], which somehow hinders their use at longer wavelengths in the cw regime, particularly since the Raman gain coefficient scales inversely with the pump wavelength [7

7. G. P. Agrawal, Nonlinear Fiber Optics (Academic, 2001).

].

A growing number of applications in the fields of biomedicine, manufacturing, spectroscopy, and defense and security are calling for the development of compact and reliable mid-IR coherent radiation sources, especially fiber lasers [8

8. S. D. Jackson, Nat. Photonics 6, 423 (2012). [CrossRef]

,9

9. P. Zhou, X. Wang, Y. Ma, H. Lü, and Z. Liu, Laser Phys. 22, 1744 (2012). [CrossRef]

]. Chalcogenide glass (ChG) fibers are promising in that respect because of their extended transparency in the mid- to far-IR and also because of their very high nonlinearity. For example, the Raman gain coefficient of As2S3 and As2Se3 glasses is typically 50 and 350 times larger, respectively, than that of a fluoride glass [5

5. V. Fortin, M. Bernier, J. Carrier, and R. Vallée, Opt. Lett. 36, 4152 (2011). [CrossRef]

,10

10. R. T. White and T. M. Monro, Opt. Lett. 36, 2351 (2011). [CrossRef]

]. Now, although theoretical studies have been carried out predicting the operation of a ChG-based RFL [11

11. P. Thielen, L. Shaw, J. Sanghera, and I. Aggarwal, Opt. Express 11, 3248 (2003). [CrossRef]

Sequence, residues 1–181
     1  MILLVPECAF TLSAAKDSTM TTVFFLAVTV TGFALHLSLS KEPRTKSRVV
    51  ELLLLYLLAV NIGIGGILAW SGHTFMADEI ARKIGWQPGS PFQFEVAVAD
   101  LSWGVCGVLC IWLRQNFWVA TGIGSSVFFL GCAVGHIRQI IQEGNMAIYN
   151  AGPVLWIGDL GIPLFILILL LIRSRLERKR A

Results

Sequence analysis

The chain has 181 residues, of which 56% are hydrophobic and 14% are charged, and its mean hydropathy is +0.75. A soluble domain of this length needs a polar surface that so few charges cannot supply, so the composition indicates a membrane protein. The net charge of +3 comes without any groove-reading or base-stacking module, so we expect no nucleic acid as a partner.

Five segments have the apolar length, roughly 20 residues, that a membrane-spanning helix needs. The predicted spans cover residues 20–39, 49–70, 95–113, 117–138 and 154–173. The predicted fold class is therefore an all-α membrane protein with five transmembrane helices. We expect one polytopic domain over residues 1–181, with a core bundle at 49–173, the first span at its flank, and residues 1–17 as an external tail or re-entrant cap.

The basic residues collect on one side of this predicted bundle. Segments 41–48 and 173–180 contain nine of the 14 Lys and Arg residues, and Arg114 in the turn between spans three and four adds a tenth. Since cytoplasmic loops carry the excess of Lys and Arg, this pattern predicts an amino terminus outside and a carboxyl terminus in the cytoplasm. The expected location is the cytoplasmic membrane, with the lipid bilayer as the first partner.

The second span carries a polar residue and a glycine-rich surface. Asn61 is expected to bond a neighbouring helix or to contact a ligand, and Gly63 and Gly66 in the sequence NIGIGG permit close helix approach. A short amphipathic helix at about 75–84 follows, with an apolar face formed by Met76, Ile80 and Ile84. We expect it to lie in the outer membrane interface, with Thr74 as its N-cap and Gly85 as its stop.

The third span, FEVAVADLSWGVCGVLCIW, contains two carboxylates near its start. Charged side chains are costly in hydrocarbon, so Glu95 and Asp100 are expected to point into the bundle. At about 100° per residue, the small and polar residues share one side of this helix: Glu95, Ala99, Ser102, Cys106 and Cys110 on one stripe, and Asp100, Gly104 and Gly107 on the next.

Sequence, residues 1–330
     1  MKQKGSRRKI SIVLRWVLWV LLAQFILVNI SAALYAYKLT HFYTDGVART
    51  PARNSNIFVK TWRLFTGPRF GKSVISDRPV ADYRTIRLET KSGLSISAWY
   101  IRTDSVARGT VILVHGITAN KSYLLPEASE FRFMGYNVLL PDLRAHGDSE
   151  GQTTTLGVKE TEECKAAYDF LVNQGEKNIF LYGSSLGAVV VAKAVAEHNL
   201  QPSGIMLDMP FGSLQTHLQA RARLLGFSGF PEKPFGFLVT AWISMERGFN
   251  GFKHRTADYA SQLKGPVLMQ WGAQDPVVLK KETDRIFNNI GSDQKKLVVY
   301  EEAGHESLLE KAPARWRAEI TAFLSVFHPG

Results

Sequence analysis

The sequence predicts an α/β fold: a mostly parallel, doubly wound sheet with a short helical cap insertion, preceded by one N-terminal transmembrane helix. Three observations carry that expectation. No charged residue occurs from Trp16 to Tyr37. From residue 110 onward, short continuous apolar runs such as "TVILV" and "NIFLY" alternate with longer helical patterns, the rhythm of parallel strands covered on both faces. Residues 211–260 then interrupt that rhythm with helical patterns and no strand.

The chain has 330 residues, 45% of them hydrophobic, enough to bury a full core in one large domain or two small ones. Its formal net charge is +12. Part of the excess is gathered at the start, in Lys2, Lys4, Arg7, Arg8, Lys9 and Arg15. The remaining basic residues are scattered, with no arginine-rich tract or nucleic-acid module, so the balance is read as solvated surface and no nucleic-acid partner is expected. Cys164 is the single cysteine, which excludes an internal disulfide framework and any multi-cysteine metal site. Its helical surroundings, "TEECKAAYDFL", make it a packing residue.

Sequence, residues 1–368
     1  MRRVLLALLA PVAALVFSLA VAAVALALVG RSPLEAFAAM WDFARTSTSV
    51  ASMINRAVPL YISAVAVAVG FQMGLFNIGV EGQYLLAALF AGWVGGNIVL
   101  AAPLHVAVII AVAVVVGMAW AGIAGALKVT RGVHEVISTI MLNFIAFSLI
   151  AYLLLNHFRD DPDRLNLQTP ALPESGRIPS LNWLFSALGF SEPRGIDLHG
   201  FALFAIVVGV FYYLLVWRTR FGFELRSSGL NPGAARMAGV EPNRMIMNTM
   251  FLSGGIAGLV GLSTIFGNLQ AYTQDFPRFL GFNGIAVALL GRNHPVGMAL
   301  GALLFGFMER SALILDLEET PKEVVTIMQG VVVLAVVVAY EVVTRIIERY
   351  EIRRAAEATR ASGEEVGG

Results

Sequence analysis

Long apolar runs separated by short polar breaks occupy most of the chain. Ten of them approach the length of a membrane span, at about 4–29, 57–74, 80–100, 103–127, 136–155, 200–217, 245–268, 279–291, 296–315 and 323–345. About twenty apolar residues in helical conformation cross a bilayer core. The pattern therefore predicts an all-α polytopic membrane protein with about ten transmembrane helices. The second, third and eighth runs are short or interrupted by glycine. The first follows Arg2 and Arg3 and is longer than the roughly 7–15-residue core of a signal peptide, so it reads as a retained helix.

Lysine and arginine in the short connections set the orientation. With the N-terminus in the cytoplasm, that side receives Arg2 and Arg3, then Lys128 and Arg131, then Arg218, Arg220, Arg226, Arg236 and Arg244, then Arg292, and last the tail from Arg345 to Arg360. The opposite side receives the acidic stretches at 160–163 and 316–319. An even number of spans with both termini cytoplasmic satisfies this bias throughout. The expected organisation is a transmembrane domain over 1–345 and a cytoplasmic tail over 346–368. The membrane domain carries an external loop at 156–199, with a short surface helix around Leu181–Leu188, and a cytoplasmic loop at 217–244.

,12

12. J. S. Sanghera, L. B. Shaw, and I. D. Aggarwal, IEEE J. Sel. Top. Quantum Electron. 15, 114 (2009). [CrossRef]

], there has been, to date, only one experimental report of such RFL based on an As2Se3 fiber operating at a wavelength near 2.1 μm [13

13. S. D. Jackson and G. Anzueto-Sánchez, Appl. Phys. Lett. 88, 221106 (2006). [CrossRef]

]. The recent development of high power, single-mode fiber lasers emitting at 3 μm based on erbium-doped fluoride glass (Er-FG) fibers [14

14. D. Faucher, M. Bernier, G. Androz, N. Caron, and R. Vallée, Opt. Lett. 36, 1104 (2011). [CrossRef]

] combined with the demonstration of the writing of high reflectivity, low loss and robust FBGs in single-mode As2S3 fibers [15

15. M. Bernier, M. El-Amraoui, J. F. Couillard, Y. Messaddeq, and R. Vallée, Opt. Lett. 37, 3900 (2012).

] made the wavelength extension of RFLs to the mid-IR technically achievable.

In this Letter, we report on the first demonstration of an RFL emitting in the mid-IR, above 3 μm. The operation of a single-mode As2S3 ChG-based RFL emitting at 3.34 μm is reported based on a Fabry–Pérot cavity formed by a pair of FBGs written in a 3 m long segment of a low-loss single-mode As2S3 fiber. An output peak power of 0.6 W is demonstrated at 3.34 μm with a lasing efficiency of 39% with respect to the launched pump power. An Er-FG fiber laser emitting at 3.005 μm in the quasi-cw (QCW) regime is used to pump the RFL.

The experimental setup is shown in Fig. 1. The pump fiber laser operating at 3.005 μm was specially designed for this project, based on the same basic architecture as described in [14

14. D. Faucher, M. Bernier, G. Androz, N. Caron, and R. Vallée, Opt. Lett. 36, 1104 (2011). [CrossRef]

]. Accordingly, a high finesse Fabry–Pérot cavity was used to force laser operation of the Er-FG fiber laser to the extreme value of 3.005 μm, which is very far from the erbium ions emission peak occurring near 2.8 μm. This pump laser was operated in the QCW regime [16